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Ted Haggard Appeals for Funds

Former NAE president wants friends to provide living expenses for next two years.

Ted Haggard, former megachurch pastor and former president of the National Association of Evangelicals, is in the news again - this time asking gifts to provide two years of financial support while he and his wife Gayle study psychology and counseling at the University of Phoenix.

He sent an e-mail to reporter Tak Landrock of ABC affiliate KRDO - and from the way it appeals to "friends like you," it sounds like it was sent to a lot of people. KRDO has posted the letter as a Microsoft Word document, which you can download from here.

The news was also covered by the Colorado Springs Gazette and the Associated Press.

The letter raises three issues:

First, the e-mail blindsided the group of overseers charged with seeing Haggard through his time of repentance, recovery, and restoration. The Gazette quoted Mike Ware:

"We will review that his statement was premature, and we will talk to him about that. It is not an official release from us," Ware said. Ware wouldn't comment on the propriety of Haggard's plea for money but said he felt it was premature of Haggard to release the statement without first consulting the overseers.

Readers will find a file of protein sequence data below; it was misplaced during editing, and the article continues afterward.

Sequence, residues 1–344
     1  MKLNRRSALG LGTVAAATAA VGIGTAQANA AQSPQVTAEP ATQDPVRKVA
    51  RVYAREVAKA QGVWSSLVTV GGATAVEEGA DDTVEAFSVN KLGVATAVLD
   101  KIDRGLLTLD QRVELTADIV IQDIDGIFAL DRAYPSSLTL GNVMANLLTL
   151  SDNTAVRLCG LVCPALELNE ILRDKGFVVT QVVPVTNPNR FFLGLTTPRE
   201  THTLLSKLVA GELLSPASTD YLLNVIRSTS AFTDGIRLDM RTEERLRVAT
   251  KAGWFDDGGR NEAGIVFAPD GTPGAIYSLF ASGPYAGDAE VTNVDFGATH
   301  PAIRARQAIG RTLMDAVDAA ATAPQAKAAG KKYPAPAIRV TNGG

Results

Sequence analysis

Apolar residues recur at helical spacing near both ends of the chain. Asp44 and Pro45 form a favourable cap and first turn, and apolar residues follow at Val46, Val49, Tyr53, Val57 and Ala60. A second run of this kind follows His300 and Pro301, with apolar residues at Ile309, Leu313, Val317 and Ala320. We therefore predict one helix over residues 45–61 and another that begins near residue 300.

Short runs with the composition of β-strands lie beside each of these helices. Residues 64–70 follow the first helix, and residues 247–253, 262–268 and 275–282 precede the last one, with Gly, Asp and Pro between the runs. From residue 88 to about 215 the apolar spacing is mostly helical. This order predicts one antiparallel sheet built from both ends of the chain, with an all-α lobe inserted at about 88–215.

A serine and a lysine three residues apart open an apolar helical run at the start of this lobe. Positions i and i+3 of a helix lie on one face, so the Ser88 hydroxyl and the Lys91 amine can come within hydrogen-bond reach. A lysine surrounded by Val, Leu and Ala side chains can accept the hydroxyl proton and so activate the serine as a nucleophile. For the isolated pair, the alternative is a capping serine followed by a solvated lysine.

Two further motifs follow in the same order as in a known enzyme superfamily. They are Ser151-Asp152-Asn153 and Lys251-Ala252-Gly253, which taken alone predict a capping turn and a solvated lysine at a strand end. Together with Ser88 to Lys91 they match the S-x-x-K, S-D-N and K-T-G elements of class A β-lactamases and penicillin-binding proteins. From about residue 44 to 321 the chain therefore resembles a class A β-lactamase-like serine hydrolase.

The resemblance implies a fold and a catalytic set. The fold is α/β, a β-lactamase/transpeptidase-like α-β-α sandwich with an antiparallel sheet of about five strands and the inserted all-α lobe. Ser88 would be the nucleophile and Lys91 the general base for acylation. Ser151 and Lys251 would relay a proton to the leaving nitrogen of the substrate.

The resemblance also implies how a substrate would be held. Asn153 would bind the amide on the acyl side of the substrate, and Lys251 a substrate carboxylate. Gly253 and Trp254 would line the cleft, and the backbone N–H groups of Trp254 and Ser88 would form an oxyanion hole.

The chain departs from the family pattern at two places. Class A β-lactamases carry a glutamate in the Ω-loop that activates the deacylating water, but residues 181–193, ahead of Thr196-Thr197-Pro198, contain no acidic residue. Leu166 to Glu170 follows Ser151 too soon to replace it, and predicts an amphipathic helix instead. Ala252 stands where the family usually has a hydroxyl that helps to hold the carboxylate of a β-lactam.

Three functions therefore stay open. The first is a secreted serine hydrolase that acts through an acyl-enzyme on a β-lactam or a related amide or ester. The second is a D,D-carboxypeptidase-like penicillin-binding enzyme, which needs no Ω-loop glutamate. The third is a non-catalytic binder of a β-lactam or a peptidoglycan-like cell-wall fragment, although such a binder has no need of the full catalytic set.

So the first issue is simply that Haggard seems to be operating indepently and ahead of those who were appointed to be his spiritual guardians.

The second issue is the address Haggard's letter gives where "friends like you" should mail your donations. According to watchdogs in the blogosphere (see this for a start, which has been linked on multiple other blogs), it is a defunct charity whose mailing addresses belong to a sex offender from Hawaii. Curioser and curioser.

The third issue is raised by Haggard's assets. I'm sure he can use donations, but he wasn't exactly poor to start with. And many people who need to start over in midlife use home equity and other assets to tide them over their straitened circumstances. Some even take out student loans.

According to the Gazette:

Haggard received a salary of $115,000 for the 10 months he worked in 2006 and an $85,000 anniversary bonus before the scandal broke, according to church officials. The church's board of trustees gave him a severance package that included a year's salary ($138,000). He also collects royalties on his many book titles.

Haggard owns a home in Colorado Springs that has been for sale. It has a market value of $715,051, according to records from the El Paso County assessor.

Haggard says he needs your dollars. You decide.

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